The modernist movement was in its nascent stage then, so people couldn’t embrace this starkly modern Pavilion and as scheduled the temporary space was demolished in 1930. But soon after, the structure drew keen interest and its modern lines haunted architects for years that followed.
Given the rising popularity of the pavilion it was decided that the structure should be reconstructed and restored to its former glory. In 1983, the construction began under the patronage of architects Ignasi de Solà-Morales, Cristian Cirici and Fernando Ramos, and it currently stands on the original site complete with the reproduction of Georg Kolbe’s sculpture Dawn and Mies’s iconic Barcelona chair.
Mies Van De Rohe had managed to display lyrical complexity through bare minimal materials that earned its place in the list of iconic modern buildings.
Cardboard Cathedral, New Zealand
Architecture by rule is not considered iconic because of how it is designed; sometimes it deserves recognition for why it is designed. Shigeru Ban’s Cardboard Cathedral in New Zealand may never achieve the iconic status that probably the previous two examples enjoy, but nonetheless it earns a mention amidst landmark temporary structures. The humanitarian architect almost always makes a permanent home in the hearts of people with his temporary structures.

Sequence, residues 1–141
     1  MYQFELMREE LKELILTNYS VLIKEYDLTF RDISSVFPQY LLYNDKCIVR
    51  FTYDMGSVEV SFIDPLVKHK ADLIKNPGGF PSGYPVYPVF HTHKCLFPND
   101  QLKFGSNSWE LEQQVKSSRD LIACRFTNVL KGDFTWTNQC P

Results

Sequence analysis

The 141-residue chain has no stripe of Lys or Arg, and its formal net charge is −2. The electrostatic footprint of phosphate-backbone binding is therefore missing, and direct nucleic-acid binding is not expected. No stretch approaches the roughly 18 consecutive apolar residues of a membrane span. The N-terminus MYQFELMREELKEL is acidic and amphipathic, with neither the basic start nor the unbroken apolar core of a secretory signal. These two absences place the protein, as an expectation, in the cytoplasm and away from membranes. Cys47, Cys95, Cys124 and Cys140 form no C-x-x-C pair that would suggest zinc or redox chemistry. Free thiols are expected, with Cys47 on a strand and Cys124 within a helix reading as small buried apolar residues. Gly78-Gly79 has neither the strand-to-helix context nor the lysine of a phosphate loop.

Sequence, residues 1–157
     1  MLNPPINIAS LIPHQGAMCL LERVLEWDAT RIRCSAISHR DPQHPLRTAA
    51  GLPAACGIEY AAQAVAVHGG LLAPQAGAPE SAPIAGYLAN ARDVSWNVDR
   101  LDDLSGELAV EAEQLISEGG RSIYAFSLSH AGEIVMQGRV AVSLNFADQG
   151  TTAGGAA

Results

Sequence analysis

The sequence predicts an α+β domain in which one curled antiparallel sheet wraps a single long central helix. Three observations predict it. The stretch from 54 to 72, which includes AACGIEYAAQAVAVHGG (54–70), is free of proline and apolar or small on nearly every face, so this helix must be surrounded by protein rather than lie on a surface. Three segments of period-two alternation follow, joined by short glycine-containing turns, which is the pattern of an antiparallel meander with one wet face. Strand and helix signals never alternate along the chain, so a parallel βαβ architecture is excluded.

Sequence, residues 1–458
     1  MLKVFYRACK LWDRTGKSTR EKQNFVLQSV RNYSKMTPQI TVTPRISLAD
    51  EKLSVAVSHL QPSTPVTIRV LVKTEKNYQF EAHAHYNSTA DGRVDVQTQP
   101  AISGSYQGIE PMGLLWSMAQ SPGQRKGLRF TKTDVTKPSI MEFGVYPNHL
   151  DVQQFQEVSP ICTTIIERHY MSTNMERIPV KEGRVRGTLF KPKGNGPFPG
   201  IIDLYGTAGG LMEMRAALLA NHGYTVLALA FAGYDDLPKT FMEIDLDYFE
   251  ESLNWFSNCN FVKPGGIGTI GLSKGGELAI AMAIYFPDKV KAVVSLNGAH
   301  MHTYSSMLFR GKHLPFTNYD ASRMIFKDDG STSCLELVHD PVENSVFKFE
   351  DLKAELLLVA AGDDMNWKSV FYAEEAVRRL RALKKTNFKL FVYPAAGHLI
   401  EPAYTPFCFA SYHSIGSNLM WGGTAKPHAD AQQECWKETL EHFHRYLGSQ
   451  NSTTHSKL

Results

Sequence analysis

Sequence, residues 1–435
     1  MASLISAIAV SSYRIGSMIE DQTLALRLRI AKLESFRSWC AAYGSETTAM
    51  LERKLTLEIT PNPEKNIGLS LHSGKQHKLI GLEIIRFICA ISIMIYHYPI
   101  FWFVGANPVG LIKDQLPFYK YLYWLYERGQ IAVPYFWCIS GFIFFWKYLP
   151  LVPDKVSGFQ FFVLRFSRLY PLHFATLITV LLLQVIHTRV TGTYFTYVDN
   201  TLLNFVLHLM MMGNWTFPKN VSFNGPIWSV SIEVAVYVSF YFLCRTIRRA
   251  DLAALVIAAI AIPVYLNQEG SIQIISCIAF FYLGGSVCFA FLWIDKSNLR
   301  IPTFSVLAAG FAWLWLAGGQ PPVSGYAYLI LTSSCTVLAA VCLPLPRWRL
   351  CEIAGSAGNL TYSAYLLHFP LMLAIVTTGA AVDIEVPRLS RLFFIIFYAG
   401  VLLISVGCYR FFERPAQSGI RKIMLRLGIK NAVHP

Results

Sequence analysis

The Pritzker prize winning architect – known for his sustainable emergency architecture – was invited to design a temporary Cathedral after the disastrous earthquake in 2011 crippled Christchurch town of New Zealand and resulted in massive damage to the Christchurch Cathedral.
Ban proposed a simple A-frame structure as a substitute for the damaged Cathedral and has been constructed with his trademark paper tubes and shipping containers.
Claimed to be one of the safest, earthquake-proof buildings, it has been built with 98 equally sized cardboard tubes and 8 steel shipping containers. Ban’s recycled paper tubes are coated with waterproof polyurethane and flame retardants while the A-frame is covered by a semi-transparent, polycarbonate roof.
Initially proposed as a temporary structure, now the cathedral would continue to hold its place on the Anglican Parish land where it currently stands.
We were sorely tempted to choose another Pritzker Winner and a humanitarian, late Frei Otto’s Expo ‘67 German Pavilion but, Shigeru Ban’s humble yet resourcefully efficient structure influenced our choice.
While architecture is primarily conceived with an idea of permanency, most of it just ends up being a part of an extended skyline. Only those buildings that touch a chord and create a lasting memory get their names engraved in history. Le Corbusier’s lines of appreciation for Gaudi’s work ring true in this case – ‘Only they remain and will endure who touch the sensitive hearts of people.’
Text By Shweta Salvi